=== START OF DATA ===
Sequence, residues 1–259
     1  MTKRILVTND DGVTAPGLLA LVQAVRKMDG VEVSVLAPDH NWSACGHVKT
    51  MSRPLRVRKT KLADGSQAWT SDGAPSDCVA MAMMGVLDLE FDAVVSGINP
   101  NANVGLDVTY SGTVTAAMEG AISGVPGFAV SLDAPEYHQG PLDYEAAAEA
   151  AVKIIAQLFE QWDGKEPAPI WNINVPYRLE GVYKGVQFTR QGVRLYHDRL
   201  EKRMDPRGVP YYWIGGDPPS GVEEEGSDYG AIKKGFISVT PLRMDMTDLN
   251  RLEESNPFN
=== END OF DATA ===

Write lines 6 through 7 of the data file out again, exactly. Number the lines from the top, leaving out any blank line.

   201  EKRMDPRGVP YYWIGGDPPS GVEEEGSDYG AIKKGFISVT PLRMDMTDLN
   251  RLEESNPFN